The ordeal that Pascal and Sony went through after leaks of stolen email exchanges, budget information and financial details ordered by North Korea in retaliation for the studio’s Kim Jong-un assassination comedy, “The Interview,” cost the studio $15 million “in investigation and remediation costs,” according to Sony’s earnings report on Wednesday, although it’s expected to have wider ramifications across the corporate landscape.

Pascal’s most shortsighted move, analysts claim, is not that she participated in jokes about the president preferring movies like “The Butler” and “Twelve Years a Slave,” or shared her unvarnished opinions of Harvey Weinstein and Leonardo DiCaprio. It’s that she did it on company email instead of her private address.

“There is no such thing as a reasonable supposition of privacy,” said Brian Solis, a digital analyst at the research and advisory firm Altimeter Group. “Privacy isn’t what it used to be, and in an era of Anonymous and other factions like it, it’s easy to hack into something and expose skeletons in everyone’s closet.”

In a recent Vanity Fair story on the Sony hack fallout, Pascal was described as an obsessive emailer. However, she has tempered her enthusiasm for electronic communication. The magazine noted that she now uses four different devices to communicate and has changed her email addresses and passwords.

That Pascal was widely perceived to be vulnerable during the last months of her reign obscures the fact that she achieved remarkable longevity, having been president of the studio since 1996 and co-chairman since 2006.

“Every studio head is quite aware of the fact that they are fungible,” said Howard Suber, professor of film history at UCLA. “She became the issue. The films are supposed to be the issue, and anything that distracts from that, you’re going to have people say, ‘Do we really need this person?'”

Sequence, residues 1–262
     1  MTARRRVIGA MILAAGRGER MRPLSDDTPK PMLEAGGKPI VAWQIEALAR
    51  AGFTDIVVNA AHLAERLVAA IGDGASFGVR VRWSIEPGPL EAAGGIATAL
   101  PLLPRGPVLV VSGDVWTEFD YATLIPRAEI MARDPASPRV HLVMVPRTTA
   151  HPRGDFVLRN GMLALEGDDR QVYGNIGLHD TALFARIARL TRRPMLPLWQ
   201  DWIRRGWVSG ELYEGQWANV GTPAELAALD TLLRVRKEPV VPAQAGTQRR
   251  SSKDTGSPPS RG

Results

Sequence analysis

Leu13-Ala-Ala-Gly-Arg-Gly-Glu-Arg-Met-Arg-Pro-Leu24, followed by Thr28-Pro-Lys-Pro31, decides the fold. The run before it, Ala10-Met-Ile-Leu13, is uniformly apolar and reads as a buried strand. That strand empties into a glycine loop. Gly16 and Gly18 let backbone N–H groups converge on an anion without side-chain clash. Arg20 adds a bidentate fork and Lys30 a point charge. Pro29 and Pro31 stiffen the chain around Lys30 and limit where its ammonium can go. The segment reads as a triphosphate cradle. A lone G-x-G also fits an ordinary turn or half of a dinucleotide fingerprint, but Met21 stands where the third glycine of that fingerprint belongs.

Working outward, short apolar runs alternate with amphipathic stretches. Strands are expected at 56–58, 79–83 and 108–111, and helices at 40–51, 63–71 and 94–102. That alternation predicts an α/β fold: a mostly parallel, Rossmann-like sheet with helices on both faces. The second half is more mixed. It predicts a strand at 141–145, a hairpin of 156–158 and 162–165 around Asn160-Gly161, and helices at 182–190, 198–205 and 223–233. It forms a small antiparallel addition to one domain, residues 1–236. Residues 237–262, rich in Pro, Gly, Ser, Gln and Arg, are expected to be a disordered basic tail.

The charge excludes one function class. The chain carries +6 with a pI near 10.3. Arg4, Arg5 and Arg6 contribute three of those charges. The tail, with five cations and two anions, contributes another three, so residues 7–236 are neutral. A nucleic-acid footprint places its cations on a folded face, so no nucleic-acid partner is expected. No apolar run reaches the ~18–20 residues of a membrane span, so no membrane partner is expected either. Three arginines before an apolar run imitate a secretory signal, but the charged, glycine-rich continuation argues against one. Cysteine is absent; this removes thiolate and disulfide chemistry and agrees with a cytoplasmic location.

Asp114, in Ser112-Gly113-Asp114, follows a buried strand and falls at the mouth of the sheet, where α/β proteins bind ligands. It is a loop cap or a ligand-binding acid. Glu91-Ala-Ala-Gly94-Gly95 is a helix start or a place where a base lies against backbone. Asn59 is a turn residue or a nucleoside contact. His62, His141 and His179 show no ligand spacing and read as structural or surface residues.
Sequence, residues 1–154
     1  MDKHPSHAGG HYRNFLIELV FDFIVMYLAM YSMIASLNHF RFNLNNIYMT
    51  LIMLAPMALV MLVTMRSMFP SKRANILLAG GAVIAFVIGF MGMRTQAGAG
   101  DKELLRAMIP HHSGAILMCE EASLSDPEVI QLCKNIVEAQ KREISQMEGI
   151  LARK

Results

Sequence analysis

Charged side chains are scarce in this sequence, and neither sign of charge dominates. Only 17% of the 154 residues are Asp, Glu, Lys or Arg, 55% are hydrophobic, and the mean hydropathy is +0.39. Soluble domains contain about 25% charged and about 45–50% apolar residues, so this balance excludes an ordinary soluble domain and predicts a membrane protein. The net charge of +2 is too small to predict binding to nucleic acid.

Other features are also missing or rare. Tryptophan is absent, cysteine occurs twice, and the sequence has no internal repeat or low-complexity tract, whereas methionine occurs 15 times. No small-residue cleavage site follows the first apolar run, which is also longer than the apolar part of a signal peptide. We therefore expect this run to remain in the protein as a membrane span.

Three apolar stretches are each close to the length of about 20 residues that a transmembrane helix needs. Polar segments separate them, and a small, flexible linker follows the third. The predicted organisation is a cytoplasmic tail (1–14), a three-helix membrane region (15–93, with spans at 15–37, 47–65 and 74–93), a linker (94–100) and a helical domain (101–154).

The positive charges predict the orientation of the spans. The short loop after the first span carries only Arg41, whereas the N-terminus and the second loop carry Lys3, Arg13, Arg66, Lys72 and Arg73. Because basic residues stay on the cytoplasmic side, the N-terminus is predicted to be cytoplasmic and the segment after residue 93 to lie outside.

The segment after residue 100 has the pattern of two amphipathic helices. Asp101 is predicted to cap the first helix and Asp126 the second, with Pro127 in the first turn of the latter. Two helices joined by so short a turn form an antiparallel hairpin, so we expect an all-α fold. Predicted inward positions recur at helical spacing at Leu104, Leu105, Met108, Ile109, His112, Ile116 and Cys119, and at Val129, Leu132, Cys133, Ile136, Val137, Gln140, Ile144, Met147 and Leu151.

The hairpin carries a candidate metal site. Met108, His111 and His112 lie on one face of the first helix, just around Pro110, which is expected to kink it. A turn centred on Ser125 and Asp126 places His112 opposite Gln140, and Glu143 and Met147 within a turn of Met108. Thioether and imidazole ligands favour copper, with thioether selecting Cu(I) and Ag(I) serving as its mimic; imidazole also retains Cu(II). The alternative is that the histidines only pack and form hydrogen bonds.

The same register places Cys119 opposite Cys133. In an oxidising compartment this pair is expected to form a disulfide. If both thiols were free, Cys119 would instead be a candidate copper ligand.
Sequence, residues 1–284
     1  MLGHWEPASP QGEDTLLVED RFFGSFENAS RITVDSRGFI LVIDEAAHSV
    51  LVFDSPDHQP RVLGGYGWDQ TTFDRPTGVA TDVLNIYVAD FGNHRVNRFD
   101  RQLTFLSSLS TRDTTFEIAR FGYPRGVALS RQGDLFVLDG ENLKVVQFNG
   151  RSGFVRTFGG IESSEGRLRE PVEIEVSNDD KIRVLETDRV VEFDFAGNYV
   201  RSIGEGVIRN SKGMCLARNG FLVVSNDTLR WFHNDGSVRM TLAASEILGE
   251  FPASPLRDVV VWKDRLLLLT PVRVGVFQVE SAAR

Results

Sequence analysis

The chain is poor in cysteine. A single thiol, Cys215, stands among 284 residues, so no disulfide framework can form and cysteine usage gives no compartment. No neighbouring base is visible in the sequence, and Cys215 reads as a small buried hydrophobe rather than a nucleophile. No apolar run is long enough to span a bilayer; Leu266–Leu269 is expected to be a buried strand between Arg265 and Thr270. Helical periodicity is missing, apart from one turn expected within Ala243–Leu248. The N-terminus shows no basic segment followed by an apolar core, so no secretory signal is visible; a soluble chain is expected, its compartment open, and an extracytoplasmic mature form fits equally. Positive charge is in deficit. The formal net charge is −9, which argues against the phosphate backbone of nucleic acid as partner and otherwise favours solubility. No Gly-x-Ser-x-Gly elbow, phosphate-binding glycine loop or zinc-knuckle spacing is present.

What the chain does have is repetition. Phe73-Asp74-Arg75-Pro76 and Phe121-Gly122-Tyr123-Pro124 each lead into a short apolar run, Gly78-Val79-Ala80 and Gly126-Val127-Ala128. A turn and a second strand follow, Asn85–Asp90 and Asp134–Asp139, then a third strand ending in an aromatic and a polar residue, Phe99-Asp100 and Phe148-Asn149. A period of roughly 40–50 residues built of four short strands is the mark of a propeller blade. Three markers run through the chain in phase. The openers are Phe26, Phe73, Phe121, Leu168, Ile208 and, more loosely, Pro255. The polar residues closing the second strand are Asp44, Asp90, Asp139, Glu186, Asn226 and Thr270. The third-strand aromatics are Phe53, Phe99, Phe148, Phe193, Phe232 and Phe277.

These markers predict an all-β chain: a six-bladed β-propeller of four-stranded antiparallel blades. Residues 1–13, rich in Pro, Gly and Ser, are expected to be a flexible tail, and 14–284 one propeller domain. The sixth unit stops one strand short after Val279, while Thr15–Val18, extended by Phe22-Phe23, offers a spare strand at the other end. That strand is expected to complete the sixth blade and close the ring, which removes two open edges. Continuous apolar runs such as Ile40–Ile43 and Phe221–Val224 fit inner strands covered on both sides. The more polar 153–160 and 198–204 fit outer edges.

Pascal’s relationships with talent may be strained, and the 56 year-old exec has been on an apology tour of late with people who were maligned in her leaked emails and those of her top lieutenants. Yet, she still has an enviable contact list and is a favorite of top film business players such as George Clooney, Aaron Sorkin and CAA managing director Bryan Lourd, all of whom rose to her defense during the hacking fallout. Insiders say that if she’s to survive as an important Hollywood figure, it will be thanks to these relationships.

Even now, many filmmakers and producers aren’t shy about singing Pascal’s praises. Kenny Ortega, who directed the 2009 Michael Jackson documentary “This Is It,” said Pascal inspires loyalty because of how she nurtures filmmakers. In his case, that meant bolstering him in the wake of the King of Pop’s unexpected death months prior to the release of “This Is It.”

“She pushed me to tell the story,” Ortega said. “I was traumatized and going through a lot of grief at the time. Basically, she said, ‘You need to step out of your own way. You need to find objectivity or don’t do it.’ And at the end of the day, she let me make my movie. She had strong ideas, but at the end of the day, she trusted that I knew the story.”

Ortega says that Pascal has tried to show remorse for what happened. “I think we all make mistakes,” Ortega said. “I think she knows that she blew it with regard to language and correspondence. I think she came out and said, ‘Don’t let this define me.’ We should give her a shot. She’s an extremely talented and gifted woman who has proven herself in the industry.”